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Extreme eczema


oshirowanen
Posts: 26
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(@oshirowanen)
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Joined: 12 years ago

My 3 year old daughter has now had a skin prick test against dairy and soya. It was all clear.

However, when she has dairy, she gets really bad nappy rash.

Anyone know of any Chinese medicine type therapies we can try on her? Conventional medicine has not been very successful.

At the moment, we are using some form of 50% liquid paraffin, 50% white soft paraffin mixture, wet wrapped in a bandage. It helps but only if we do this every single day and have her wet wrapped 24 hours a day...

After the 24 hours, we wash her with some oil formula from the doctors and nothing else.

It helps in-terms of temporarily healing the skin. As soon as the wet wrap is removed, she starts scratching herself almost instantly and within 5 minutes, you can see the rash forming again, covering most of her body.

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jnani
Posts: 1838
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Joined: 12 years ago

must be terrible, poor little thing
There are a few remedies that can alleviate and eventually cure with prolonged use but some can be terribly messy and awkward. The one I can safely recommend that works is Black seed oil, Its not Chinese medicine I am afraid. The black seed is widely used in Indian cooking. I recently found out that Prophet Mohammed referred to it as a panacea that can cure most things. I bought the oil off internet, its organic and cold pressed, not very expensive.
It has banished my son's pretty bad eczema
Be cautioned though it did it make it a wee bit worse for a couple of days but it did clear it within 2 weeks. He is also having it orally. Very satisfactory results.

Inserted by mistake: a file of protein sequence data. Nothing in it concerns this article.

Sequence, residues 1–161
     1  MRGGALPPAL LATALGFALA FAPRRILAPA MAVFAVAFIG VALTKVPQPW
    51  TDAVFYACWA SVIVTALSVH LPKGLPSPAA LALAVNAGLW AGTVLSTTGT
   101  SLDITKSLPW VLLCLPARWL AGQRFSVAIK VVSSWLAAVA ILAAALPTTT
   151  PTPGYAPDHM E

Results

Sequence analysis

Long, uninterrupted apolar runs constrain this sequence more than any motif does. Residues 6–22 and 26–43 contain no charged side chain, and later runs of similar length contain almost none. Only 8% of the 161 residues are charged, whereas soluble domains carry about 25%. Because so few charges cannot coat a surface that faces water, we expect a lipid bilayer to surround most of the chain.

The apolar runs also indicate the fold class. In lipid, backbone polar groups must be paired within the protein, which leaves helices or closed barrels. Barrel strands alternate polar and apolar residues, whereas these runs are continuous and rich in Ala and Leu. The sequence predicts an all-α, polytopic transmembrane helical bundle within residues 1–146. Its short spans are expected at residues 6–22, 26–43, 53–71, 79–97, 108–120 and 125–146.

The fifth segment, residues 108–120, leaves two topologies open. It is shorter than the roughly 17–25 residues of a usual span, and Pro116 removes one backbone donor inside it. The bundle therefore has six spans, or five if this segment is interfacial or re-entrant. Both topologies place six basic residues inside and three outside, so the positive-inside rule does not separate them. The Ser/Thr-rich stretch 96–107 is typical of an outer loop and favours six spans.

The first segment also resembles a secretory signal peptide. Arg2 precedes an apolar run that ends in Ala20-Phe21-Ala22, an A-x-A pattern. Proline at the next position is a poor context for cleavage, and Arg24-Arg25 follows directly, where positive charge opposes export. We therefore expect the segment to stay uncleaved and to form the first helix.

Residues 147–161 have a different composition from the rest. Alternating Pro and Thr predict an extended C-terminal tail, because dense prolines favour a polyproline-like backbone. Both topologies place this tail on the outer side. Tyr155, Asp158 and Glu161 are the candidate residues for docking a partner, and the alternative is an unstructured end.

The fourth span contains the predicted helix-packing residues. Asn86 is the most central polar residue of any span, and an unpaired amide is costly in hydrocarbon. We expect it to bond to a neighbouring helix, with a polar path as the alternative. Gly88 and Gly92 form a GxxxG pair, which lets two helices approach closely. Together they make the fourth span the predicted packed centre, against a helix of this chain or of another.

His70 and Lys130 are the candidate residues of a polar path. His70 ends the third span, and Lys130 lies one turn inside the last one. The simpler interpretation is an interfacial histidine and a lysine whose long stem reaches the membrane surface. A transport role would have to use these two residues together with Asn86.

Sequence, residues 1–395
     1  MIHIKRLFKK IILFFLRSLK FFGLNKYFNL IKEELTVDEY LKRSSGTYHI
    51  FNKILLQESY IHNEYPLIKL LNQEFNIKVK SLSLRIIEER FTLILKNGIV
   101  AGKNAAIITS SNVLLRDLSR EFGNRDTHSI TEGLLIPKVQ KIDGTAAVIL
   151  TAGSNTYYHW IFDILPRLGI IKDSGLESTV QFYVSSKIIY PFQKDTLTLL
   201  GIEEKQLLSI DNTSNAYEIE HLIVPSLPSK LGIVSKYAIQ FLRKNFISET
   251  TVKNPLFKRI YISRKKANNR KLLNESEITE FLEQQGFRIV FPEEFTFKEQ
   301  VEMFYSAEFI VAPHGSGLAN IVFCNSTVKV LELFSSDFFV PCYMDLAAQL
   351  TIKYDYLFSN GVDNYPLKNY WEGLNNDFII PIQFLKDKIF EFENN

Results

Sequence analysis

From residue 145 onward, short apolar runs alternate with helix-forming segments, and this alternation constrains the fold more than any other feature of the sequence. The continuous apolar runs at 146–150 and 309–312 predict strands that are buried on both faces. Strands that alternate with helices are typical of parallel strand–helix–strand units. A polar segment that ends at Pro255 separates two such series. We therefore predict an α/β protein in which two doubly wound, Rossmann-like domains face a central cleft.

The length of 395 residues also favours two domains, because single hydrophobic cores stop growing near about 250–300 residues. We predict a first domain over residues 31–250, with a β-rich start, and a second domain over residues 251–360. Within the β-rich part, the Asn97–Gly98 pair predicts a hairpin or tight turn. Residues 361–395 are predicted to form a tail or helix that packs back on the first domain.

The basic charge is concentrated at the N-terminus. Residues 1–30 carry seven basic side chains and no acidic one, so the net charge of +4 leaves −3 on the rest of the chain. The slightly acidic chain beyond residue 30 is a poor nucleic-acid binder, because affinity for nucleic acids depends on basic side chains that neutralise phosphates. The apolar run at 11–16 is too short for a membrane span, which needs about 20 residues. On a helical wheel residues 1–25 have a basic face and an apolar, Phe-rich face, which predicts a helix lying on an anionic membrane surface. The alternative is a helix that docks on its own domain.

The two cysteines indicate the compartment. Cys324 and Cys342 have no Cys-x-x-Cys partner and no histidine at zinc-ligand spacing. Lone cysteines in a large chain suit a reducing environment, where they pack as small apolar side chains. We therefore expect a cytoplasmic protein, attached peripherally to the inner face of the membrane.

Hope it goes soon.

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CarolineN
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Hi oshirowanen,

I am so sorry to hear your daughter has such bad eczema. Unfortunately Western Medicine has little to offer to sort it out - only paliative treatments. Functional Medicine on the other hand has much to offer because it looks at the causes and helps to rebalance the body's functioning. (I have no TCM knowledge). Jnani's suggestion may well be good - I've not heard of Black seed - I must find out more about it, it looks really interesting.

The skin prick test was probably for allergy (IgE reaction), when it is often an IgG reaction that is involved with eczema - this is an 'intolerance' with delayed reactions showing up - anything fom 4-72 hours later and not necessarily at the site or where you expect the problem to appear (hence very difficult to quantify 'scientifically'). The good thing is that it is not an allegy which usually lasts a lifetime; and intolerance is something that the body can 'forget' if the offending food is avoided very carefully over a period of time.